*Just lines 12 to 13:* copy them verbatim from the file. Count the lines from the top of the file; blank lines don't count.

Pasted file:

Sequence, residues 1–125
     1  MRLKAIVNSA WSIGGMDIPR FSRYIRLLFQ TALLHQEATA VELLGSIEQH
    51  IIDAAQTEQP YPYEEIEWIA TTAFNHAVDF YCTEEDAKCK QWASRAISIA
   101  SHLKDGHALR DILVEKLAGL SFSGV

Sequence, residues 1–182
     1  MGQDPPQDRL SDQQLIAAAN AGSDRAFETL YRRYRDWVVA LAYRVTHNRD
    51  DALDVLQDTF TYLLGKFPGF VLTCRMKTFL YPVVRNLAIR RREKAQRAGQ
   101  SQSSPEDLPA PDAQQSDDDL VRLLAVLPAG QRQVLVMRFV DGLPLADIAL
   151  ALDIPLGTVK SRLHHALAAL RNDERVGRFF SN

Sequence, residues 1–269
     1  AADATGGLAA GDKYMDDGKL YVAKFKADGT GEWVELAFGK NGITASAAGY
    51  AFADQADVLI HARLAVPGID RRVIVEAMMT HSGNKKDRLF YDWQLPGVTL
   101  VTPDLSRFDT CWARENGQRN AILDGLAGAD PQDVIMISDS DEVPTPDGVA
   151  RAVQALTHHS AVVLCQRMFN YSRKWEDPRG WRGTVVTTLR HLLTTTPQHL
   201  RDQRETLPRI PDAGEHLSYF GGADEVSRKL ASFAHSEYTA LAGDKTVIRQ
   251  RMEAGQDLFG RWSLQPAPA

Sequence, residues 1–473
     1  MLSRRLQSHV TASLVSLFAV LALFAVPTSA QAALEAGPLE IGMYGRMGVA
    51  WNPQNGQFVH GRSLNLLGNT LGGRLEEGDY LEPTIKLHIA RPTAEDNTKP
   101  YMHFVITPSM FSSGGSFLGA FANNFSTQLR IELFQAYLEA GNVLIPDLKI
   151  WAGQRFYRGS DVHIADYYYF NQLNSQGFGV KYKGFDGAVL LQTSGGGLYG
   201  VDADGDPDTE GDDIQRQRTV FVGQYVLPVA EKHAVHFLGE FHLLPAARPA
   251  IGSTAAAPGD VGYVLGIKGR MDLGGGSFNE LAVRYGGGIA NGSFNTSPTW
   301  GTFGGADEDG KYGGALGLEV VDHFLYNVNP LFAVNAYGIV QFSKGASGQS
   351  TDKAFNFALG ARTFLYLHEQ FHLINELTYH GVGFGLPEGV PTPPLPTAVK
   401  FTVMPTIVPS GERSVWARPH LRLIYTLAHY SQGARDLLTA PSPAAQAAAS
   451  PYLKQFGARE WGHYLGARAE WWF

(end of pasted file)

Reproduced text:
    51  AFADQADVLI HARLAVPGID RRVIVEAMMT HSGNKKDRLF YDWQLPGVTL
   101  VTPDLSRFDT CWARENGQRN AILDGLAGAD PQDVIMISDS DEVPTPDGVA